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Midterm

Test Five Vocabulary.docx
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Department
Psychology
Course
PSYC 1010
Professor
Heather Jenkin
Semester
Fall

Description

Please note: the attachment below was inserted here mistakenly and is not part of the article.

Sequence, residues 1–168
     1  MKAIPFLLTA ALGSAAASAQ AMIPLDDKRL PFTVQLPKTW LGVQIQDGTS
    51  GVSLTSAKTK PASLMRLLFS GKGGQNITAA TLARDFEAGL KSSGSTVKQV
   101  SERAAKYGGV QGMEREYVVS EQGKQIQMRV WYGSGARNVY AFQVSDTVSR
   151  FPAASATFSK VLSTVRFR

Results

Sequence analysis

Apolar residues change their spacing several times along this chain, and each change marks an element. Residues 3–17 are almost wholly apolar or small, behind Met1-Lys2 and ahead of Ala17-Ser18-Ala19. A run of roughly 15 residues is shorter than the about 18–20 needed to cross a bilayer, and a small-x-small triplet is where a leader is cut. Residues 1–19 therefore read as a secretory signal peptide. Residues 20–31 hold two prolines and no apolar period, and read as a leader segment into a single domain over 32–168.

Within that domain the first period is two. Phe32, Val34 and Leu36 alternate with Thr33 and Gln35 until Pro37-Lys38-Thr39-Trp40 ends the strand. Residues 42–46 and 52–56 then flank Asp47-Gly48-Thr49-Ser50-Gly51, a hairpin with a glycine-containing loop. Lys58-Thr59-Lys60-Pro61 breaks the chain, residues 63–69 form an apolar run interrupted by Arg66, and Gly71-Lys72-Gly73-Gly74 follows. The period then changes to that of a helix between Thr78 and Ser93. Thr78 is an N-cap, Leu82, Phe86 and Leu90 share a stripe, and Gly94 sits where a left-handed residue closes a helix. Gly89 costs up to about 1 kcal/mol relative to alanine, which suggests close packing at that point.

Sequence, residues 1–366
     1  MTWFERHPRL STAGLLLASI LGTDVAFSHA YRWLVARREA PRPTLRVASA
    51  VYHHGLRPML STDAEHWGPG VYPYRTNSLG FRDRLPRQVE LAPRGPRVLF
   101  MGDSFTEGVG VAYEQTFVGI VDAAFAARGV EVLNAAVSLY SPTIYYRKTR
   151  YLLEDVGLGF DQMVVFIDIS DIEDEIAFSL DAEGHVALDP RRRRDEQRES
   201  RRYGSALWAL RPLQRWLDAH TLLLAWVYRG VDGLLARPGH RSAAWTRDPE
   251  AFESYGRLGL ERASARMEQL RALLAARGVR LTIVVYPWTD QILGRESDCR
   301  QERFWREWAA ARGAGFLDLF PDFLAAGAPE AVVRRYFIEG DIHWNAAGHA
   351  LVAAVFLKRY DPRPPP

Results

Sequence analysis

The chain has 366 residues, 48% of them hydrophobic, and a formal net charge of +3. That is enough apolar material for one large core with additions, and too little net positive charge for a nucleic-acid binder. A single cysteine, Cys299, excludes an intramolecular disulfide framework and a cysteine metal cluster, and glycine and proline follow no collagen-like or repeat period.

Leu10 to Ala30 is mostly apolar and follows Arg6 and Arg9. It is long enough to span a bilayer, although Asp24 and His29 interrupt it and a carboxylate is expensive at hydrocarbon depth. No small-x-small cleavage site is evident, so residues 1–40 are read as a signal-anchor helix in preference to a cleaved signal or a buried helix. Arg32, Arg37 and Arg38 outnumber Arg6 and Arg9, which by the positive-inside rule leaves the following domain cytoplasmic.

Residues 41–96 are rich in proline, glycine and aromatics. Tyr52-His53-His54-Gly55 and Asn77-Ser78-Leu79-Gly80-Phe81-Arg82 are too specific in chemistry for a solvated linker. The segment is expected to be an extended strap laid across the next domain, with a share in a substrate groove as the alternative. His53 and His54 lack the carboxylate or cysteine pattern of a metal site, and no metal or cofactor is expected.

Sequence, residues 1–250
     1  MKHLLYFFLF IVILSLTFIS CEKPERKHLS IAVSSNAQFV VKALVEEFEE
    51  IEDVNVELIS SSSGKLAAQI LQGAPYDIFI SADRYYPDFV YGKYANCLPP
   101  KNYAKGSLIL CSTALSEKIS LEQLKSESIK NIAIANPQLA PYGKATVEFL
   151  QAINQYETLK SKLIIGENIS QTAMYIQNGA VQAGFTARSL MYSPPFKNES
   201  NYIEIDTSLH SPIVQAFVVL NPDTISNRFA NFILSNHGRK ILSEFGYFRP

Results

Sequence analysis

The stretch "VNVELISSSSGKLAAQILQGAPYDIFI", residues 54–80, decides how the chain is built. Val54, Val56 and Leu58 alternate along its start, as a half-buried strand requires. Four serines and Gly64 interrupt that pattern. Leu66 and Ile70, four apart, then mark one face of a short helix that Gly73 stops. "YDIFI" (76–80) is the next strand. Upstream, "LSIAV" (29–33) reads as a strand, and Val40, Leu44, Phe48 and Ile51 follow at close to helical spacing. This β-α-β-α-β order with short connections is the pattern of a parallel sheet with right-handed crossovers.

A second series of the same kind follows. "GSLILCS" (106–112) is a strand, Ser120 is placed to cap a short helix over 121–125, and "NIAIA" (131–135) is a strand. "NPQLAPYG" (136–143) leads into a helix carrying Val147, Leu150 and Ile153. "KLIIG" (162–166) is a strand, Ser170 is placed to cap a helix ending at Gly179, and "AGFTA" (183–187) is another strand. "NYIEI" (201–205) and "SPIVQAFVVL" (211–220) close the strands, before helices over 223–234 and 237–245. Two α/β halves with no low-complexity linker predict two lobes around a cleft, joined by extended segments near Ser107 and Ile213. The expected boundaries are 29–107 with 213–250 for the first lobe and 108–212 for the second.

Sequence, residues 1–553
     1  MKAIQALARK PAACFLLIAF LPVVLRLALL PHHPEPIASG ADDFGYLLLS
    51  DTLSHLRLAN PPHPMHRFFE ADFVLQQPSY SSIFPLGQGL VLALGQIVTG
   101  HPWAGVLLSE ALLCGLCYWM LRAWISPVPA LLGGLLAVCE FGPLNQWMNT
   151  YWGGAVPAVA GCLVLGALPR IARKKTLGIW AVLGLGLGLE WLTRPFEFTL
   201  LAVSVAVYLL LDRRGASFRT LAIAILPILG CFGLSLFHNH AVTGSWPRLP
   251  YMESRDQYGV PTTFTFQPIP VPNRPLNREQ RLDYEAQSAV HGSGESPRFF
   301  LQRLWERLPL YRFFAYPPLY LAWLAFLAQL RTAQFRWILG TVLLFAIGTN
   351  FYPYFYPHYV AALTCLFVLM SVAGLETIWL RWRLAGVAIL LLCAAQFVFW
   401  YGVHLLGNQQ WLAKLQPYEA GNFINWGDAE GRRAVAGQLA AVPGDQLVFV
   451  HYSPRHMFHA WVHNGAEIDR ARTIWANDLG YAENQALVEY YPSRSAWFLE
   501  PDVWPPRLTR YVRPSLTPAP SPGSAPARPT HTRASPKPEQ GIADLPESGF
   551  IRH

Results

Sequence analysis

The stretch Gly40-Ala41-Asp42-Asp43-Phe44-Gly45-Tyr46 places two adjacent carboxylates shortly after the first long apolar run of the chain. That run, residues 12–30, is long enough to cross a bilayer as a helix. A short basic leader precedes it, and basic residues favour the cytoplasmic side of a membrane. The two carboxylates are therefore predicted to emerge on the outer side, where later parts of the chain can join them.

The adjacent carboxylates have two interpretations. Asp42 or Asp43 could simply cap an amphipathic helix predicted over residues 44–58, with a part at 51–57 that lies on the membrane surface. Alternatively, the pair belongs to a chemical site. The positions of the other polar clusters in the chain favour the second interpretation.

TEST FIVE: TEXTBOOK VOCABULARY + DEFINITIONS MODULE 35 Emotion: a response of the whole organism, involving physiological arousal, expressive behaviours and conscious experience James-Lange theory: the theory that our experience of emotion is our awareness of our physiological responses to emotion-arousing stimuli Cannon-Bard theory: the theory that an emotion-arousing stimulus simultaneously triggers physiological responses and the subjective experience of emotion Two-factor theory: the Schachter-Singer theory that to experience emotion one must be physically aroused and cognitively label the arousal Polygraph: a machine that measures several of the physiological responses accompanying emotion; commonly used in attempts to detect lies MODULE 37 Catharsis: emotional release; releasing aggressive energy through action or fantasy can relieve aggressive urges Feel-good, do-good phenomenon: people's tendency to be helpful when already in a good mood Subjective well-being: self-perceived happiness or satisfaction with life; used to evaluate quality of life Adaptation-level phenomenon: our tendency to form judgements relative to a neutral level defined by our prior experiences Relative deprivation: the perception that one is worse off relative to who one compares oneself to MODULE 38 Health psychology: psychology subfield that provides psychology's contribution to behavioural medicine Stress: the process by which we perceive and respond to certain events, called stressors, that we appraise as threatening or challenging General adaptation syndrome: Selye's concept of the body's adaptive response to stress in three phases - alarm, resistance and exhaustion Tend and befriend: under stress, people often provide support to others and bond with and seek support from others Psycho-physiological illness: any stress-related physical illness; 'mind-body' illness Psycho-neuro-immunology: the study of how psychological, neural and endocrine processes together affect the immune system and resulting health Lymphocytes: the two types of white blood cells that are part of the body's immune system; B lymphocytes form in the bone marrow and release antibodies that fight bacterial infections, T lymphocytes form in the thymus and attack cancer cells and viruses Coronary heart disease: the clogging of the vessels that nourish the heart muscle; it is the leading cause of death in many developed countries Type A: the term for competitive, hard-driving, impatient, verbally aggressive and anger-prone people Type B: the term for easygoing, relaxed people MODULE 39 Coping: alleviating stress using emotional, cognitive or behavioural methods Problem-focused coping: attempting to alleviate stress directly by changing the stressor or the way we interact with that stressor Emotion-focused coping: attempting to alleviate stress by avoiding or ignoring a stressor and attending to emotional needs related to one's stress reaction Aerobic exercise: sustained exercise that increases heart and lung fitness; can also alleviate depression and anxiety Complementary and alternative medicine: health care treatments intended to supplement or serve as alternatives to conventional medicine; they are not widely taught in medical schools, used in hospitals or reimbursed by insurance companies MODULE 47 Psychological disorder: deviant, distressful and dysfunctional patterns of thoughts, feelings or behaviour Attention-deficit hyperactivity disorder: a psychological disorder marked by the appearance by age 7 of one or more of three key symptoms: extreme inattention, hyperactivity and impulsivity Medical model: the concept that diseases have physical causes that can be diagnosed, treated and cured, through treatment in a hospital DSM-IV-TR: a widely used system for classifying psychological disorders MODULE 48 Anxiety disorders: psychological disorders characterized by distressin
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